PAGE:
Tuesday, October 22, 2013

Dispatch Paso Robles, Part 2: The Good - Tablas Creek

Oh, And A Word On Biodynamics, Too.

Picking up on where we left off on our last dispatch....as I had recently written about Santa Barbara County...

"...if Pinot Noir attracts much of the attention in this area, then Rhone varieties generate much of the passion - at least for those in the know.  Underappreciated and undervalued, less familiar varieties like Marsanne, Roussanne, Grenache Blanc, and Viognier make brilliant, complex whites that boggle the mind and dazzle the heart.  Similarly, less popular red varieties - Syrah, Mourvedre, Grenache - emulate the French traditions of the southern Rhone valley while maintaining an identity true to their provenance. Powerful, complex, and incredibly satisfying, red Rhone varieties in Santa Barbara County seem to thrive..."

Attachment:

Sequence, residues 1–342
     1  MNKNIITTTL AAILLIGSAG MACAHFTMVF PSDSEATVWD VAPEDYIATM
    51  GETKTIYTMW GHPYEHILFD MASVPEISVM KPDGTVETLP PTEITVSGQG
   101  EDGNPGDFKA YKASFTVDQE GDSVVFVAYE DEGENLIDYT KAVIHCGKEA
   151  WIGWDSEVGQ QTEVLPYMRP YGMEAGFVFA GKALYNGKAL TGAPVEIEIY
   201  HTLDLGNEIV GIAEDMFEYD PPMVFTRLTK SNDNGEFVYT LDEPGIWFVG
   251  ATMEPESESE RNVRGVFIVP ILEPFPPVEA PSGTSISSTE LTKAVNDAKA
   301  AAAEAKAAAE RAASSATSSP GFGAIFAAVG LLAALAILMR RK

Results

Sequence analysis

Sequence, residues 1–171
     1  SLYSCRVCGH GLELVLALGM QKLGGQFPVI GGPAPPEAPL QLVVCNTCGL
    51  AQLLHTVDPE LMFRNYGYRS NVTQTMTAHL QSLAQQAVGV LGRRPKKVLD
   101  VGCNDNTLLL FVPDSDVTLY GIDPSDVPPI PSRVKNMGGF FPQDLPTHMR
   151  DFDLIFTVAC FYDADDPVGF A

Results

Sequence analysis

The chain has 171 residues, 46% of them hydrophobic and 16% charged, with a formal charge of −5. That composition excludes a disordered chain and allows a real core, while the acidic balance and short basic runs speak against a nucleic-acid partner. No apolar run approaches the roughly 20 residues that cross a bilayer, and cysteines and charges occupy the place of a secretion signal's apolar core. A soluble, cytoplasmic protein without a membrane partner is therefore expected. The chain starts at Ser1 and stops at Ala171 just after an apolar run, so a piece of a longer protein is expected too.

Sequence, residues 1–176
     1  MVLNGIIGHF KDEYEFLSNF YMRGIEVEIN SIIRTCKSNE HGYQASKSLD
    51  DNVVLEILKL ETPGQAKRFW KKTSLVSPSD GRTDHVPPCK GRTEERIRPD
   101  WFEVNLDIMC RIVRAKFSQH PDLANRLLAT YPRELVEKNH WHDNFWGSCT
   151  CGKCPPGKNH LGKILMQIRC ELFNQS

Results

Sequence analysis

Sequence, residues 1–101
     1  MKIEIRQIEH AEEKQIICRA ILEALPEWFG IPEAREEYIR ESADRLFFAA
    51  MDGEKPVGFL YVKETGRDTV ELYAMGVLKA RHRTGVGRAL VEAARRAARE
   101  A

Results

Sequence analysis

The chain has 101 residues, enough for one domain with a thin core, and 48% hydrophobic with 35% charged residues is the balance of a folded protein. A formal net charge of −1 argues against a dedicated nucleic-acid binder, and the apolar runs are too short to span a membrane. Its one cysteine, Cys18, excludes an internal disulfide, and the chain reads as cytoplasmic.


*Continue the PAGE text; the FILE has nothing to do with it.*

Just replace "Pinor Noir" with "Cab and Zin", and replace "Santa Barbara County" with "Paso Robles".

 This statement is perhaps best embodied at Tablas Creek Vineyard.  This sister outpost of Chateauneuf-du-Pape's Chateau Beaucastel focuses almost exclusively on Rhone varieties and a philosophy of "Minimizing human intervention to maximize the expression of our terroir." That's hardly a rare statement from winemakers these days, but it is rare to see it put into practice in such a real way. Though they prefer (smartly) to focus on the results in the bottle rather than vineyard practices, the good people at Tablas Creek are not shy about their organic and biodynamic farming.  Let's talk about what that means for a minute.  (Quick disclaimer: Biodynamics is something I know precious little about other than that it is hotly debated among a very small cross section of winemakers/growers and sommeliers with nearly the same fervor as denominations of Islam are.)